NEW DELHI: It is connected by an appendix like formation with North and South America. A paradise on earth with sunny beaches and typically coastal climate, Honduras, a Central American nation has the dubious distinction of being inordinately anti-women.

Honduras has the highest crime rate in the world-79 deaths per 100,000 persons- and women are a hefty chunk in the statistics. Since the coup in 2009 there has been a steep increase in crime against women in the country.

The anarchic state of affairs have exacerbated the gender based crime- rapes etc, a phenomenon which has flourished into a genre in itself known as 'feminicidio' or femicide.

"According to the University Institute for Democracy, Peace and Security in Honduras, 531 women were murdered in 2014, the majority of these aged between 15 and 24. Although this number was slightly lower than that of the previous year – there were 636 recorded murders of women in 2013 – the lack of accountability for this violation of a woman’s most basic human right has normalised the concept of femicide", reported Irish Times.

The country is rife with gangs belonging to drug cartels, who are usually armed and dangerous. Infighting between gangs and, gangs and authorities are a common affairs which are a major reason for an increased homicide rate. These gangsters have a penchant for young girls and like to sport them as trophies, the latter at times get caught in the crossfire and get killed.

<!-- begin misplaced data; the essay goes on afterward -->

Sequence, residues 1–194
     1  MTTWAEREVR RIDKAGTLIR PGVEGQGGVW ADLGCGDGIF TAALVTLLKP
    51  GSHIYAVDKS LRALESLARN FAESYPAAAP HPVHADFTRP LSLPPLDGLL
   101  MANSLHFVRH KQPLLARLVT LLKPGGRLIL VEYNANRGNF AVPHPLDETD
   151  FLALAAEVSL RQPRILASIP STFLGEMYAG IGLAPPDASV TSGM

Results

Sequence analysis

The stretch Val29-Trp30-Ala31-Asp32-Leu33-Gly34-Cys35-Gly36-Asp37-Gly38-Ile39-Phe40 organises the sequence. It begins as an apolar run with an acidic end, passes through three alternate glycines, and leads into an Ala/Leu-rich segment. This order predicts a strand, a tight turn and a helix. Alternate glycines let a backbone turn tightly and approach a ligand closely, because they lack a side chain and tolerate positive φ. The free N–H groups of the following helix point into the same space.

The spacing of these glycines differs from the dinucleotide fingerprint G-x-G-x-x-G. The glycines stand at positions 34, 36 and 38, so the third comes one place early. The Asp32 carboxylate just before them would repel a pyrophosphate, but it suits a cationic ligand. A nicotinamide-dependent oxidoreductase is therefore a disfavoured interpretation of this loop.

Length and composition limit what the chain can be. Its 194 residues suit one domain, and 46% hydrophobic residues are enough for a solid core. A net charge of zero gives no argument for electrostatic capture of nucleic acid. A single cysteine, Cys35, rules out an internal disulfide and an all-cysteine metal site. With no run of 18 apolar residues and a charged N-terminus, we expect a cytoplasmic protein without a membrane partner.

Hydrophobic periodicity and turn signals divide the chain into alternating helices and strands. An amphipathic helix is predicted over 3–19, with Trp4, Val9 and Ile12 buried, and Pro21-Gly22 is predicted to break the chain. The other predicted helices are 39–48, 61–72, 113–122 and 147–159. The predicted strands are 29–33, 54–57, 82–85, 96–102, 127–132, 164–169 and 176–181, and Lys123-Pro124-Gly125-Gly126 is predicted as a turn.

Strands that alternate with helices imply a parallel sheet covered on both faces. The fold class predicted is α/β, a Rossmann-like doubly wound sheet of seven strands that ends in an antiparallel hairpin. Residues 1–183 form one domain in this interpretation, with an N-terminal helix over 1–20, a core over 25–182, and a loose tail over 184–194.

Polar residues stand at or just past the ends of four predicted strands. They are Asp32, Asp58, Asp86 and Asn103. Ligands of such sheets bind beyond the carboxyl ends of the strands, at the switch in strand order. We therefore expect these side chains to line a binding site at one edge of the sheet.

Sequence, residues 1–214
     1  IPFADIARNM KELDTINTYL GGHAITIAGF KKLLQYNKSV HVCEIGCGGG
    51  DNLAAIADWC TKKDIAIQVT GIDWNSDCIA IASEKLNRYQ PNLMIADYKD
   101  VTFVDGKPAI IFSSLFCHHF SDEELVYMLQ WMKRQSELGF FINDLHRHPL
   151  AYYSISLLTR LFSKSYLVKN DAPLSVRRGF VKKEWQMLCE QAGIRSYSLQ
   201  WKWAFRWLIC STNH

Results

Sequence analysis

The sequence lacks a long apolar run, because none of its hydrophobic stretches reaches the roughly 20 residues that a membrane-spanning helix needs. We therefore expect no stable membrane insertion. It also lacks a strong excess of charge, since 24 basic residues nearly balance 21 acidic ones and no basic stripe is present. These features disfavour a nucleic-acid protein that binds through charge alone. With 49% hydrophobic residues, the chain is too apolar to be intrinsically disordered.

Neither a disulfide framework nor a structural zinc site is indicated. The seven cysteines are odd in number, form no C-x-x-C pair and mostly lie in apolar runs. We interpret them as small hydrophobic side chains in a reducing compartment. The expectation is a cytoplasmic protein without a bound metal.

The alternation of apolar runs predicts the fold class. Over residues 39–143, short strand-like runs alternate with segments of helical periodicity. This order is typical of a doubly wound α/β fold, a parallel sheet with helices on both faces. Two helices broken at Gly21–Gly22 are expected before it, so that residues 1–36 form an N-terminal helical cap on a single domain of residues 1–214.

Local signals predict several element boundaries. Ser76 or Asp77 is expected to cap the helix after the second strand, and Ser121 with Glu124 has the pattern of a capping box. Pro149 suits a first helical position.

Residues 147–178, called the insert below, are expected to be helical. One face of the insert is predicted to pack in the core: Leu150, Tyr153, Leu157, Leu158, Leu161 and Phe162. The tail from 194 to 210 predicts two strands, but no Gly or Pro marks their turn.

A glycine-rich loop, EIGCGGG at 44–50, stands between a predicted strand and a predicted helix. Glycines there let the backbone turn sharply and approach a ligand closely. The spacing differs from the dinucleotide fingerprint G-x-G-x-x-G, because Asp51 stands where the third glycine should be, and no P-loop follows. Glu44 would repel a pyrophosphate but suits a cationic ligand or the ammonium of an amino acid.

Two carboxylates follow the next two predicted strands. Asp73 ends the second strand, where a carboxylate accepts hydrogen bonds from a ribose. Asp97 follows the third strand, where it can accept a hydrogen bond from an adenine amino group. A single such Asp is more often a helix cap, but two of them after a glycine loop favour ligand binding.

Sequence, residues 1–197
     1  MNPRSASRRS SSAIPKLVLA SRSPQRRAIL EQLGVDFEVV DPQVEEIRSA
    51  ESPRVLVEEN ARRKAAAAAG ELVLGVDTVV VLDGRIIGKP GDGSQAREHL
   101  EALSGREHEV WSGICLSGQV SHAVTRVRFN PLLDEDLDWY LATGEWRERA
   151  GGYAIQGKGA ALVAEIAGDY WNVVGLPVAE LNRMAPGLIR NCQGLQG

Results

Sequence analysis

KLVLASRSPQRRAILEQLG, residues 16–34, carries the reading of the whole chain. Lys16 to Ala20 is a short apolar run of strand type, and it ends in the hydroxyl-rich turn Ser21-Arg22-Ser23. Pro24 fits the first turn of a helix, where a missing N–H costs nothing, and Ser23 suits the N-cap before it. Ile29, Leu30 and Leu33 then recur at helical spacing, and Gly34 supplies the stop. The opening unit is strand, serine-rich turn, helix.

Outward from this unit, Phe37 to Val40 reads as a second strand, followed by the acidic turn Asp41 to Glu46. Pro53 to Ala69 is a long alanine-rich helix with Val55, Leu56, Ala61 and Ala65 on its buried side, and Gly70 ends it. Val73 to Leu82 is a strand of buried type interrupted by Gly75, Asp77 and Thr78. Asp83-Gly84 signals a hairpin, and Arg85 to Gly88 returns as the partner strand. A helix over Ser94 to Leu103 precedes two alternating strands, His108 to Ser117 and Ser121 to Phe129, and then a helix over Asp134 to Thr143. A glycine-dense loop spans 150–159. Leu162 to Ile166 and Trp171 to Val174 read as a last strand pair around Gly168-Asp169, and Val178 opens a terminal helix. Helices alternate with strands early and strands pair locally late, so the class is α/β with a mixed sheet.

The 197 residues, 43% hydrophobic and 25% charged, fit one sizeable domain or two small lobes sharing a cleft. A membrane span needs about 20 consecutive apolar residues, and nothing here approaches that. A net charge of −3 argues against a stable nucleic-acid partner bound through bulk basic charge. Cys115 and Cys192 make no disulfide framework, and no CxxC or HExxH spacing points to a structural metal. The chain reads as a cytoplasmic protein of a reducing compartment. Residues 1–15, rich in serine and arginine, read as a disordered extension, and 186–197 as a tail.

Dicsa Bulnes, who belongs to a marginalised Afro-Caribbean Garifuna community, speaks about her plight in an interview with Irish Times, which rings true for almost every young woman in Honduras today. "As a woman I feel trapped. I am a prisoner in my own home, there’s nowhere for me to go. I have no freedom.

My partner nearly killed me. He still sends me threatening messages on my mobile attacking me. I’ve tried reporting him but the authorities won’t do anything. It feels like they are forcing women to buy their own coffins, to return to the attacker and suffer through the violence.”

In the last decade the crime against women in Honduras has ratcheted up by 263.5 percent.

The dangerous affection for beautiful women by the drug cartel members has also given rise to a host of beauty pageants, with almost every community and city organising one searching for the most gorgeous among them, some of them are titled Miss Coffee, Miss Bean, Miss Cocoa, and Miss Carnival.

The country's bloodlust for young beauty queens came to light last year when a 19 year old Miss Honduras Maria Jose Alvarado Munoz was brutally killed by her 32 year boyfriend, along with her sister. Her sin was that she had dared to shake a leg or two in a club with a stranger.

“The increased militarisation of the country means all measures now focus on weapons and the military, while any measures that were taken to protect women’s rights have been completely abandoned” .

“It’s almost like there’s a carte blanche for the assassination of women. Anyone can murder a woman in Honduras and nothing will happen." Said Carolina Sierra a member of Foro de mujeres por la vida (women's Forum for Life) to Irish times.